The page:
Guard accidentally finds Achaemenid pottery fragment southern Iran

November 27, 2020 - 22:8

TEHRAN – A cultural heritage guard has recently discovered a prehistorical pottery fragment while patrolling the prehistorical site of Tall-e-Ajori near Persepolis in southern Iran.

“A guard has discovered an engraved pottery piece while patrolling Tall-e-Ajori” police official Mohammadreza Bahmaninejad announced on Thursday.

“He then delivered the object to a local police unit which is in charge of protecting cultural heritage, he said, adding: “The discovered pottery fragment was later handed over to the UNESCO-registered Persepolis.”

Initial assessments suggest that the object date back to the early Achaemenid era (c. 550-330 BC).

Persepolis, also known as Takht-e Jamshid, whose magnificent ruins rest at the foot of Kuh-e Rahmat (Mountain of Mercy), was the ceremonial capital of the Achaemenid Empire. It is situated 60 kilometers northeast of the city of Shiraz in Fars province.

Persepolis was set on fire upon the order of Alexander the Great in 330 BC apparently in a revenge for Persian King Xerxes who had burnt the Greek City of Athens around 150 years earlier.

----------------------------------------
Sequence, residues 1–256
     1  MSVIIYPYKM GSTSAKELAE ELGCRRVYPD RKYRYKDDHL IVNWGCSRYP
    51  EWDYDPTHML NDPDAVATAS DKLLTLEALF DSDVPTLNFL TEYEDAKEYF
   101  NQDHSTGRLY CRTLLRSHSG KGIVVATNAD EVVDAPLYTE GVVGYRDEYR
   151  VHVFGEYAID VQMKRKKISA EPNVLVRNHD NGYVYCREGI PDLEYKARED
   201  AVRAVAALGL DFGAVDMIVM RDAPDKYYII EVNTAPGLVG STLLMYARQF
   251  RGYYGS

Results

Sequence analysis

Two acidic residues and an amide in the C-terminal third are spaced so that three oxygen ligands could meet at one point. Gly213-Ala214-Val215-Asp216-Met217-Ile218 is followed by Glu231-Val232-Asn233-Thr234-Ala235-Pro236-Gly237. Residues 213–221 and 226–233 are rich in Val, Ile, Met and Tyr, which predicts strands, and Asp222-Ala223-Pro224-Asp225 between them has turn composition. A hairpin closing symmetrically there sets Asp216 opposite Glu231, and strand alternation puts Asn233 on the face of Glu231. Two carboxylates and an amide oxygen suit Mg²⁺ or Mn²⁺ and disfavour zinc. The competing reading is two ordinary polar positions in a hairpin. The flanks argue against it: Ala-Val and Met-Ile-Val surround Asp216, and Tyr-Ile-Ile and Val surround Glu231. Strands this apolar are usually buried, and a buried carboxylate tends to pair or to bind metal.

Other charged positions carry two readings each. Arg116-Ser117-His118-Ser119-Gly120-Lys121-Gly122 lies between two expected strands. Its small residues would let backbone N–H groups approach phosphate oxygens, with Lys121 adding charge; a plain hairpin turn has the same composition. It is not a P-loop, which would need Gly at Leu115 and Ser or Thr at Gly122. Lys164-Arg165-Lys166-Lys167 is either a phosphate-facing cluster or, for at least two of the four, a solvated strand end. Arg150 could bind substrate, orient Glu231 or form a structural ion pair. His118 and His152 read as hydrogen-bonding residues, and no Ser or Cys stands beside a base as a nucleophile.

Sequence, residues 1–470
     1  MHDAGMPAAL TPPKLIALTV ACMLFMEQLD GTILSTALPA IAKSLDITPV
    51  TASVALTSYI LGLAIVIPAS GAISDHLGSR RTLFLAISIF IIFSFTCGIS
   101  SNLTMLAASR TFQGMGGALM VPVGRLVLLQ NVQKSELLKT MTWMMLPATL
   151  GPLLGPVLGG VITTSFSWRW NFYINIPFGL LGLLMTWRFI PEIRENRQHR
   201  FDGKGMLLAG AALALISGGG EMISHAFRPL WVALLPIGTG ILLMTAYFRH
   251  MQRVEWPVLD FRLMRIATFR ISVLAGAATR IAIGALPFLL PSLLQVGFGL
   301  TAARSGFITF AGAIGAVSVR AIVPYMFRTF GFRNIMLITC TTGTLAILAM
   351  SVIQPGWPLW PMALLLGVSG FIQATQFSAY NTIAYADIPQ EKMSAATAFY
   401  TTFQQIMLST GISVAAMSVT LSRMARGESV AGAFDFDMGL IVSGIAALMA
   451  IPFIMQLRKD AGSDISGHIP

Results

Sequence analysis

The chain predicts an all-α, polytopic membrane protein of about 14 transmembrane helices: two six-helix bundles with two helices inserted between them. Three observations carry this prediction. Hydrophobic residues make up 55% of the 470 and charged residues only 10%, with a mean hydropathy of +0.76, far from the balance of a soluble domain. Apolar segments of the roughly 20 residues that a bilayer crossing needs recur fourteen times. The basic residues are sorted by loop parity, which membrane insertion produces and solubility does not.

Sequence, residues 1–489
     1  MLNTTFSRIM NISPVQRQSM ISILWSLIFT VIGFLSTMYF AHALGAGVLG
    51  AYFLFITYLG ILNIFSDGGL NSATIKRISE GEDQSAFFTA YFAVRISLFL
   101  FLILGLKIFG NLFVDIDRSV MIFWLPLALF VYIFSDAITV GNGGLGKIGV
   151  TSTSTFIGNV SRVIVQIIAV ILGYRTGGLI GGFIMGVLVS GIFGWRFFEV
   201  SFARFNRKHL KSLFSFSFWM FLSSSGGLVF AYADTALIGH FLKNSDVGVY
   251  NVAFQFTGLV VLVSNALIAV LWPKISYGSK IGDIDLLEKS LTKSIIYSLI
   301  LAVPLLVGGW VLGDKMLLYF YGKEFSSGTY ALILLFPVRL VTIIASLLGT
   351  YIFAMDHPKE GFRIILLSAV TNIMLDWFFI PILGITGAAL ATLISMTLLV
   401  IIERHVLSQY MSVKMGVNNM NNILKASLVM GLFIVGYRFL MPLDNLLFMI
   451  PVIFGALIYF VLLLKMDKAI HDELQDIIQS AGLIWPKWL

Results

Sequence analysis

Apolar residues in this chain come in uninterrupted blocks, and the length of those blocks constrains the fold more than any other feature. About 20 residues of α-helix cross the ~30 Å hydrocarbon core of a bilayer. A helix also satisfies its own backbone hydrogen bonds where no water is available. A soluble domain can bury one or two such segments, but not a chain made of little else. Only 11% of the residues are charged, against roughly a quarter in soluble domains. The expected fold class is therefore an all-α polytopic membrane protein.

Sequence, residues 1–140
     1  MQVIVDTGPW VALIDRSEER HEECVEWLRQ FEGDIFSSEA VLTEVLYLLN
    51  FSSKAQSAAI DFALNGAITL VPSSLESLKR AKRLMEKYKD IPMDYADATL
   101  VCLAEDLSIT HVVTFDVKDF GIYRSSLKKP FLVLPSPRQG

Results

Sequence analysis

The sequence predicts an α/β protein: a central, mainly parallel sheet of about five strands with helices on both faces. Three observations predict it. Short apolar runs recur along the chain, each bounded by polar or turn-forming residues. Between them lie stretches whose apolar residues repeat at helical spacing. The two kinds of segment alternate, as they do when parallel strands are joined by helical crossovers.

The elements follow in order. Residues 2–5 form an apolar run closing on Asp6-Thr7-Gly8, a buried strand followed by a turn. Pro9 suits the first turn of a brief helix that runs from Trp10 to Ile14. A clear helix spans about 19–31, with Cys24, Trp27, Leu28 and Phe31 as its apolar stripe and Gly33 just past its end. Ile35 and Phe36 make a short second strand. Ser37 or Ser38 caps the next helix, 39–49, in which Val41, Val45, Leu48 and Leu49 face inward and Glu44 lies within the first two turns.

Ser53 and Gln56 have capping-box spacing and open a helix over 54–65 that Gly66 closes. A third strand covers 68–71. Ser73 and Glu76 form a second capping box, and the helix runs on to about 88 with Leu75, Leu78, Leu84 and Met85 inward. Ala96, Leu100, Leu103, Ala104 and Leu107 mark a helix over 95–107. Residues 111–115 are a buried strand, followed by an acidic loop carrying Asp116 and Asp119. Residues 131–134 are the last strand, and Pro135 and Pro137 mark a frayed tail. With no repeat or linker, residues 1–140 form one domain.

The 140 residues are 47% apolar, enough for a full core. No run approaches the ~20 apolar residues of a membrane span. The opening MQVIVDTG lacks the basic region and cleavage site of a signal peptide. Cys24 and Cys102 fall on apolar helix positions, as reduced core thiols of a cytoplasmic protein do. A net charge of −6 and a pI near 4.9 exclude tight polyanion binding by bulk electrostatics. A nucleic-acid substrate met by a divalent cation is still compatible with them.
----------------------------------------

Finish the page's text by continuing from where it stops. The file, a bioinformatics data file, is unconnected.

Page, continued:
It was the seat of the government of the Achaemenid Empire, though it was designed primarily to be a showplace and spectacular center for the receptions and festivals of the kings and their empire. This 13-ha ensemble of majestic approaches, monumental stairways, throne rooms (Apadana), reception rooms, and dependencies is classified among the world’s greatest archaeological sites.

The Achaemenid Empire was founded by Cyrus the Great. At its greatest extent from the Balkans to the Indus Valley, it was one of the largest empires in history, spanning 5.5 million square kilometers, and was larger than any previous empire in history.


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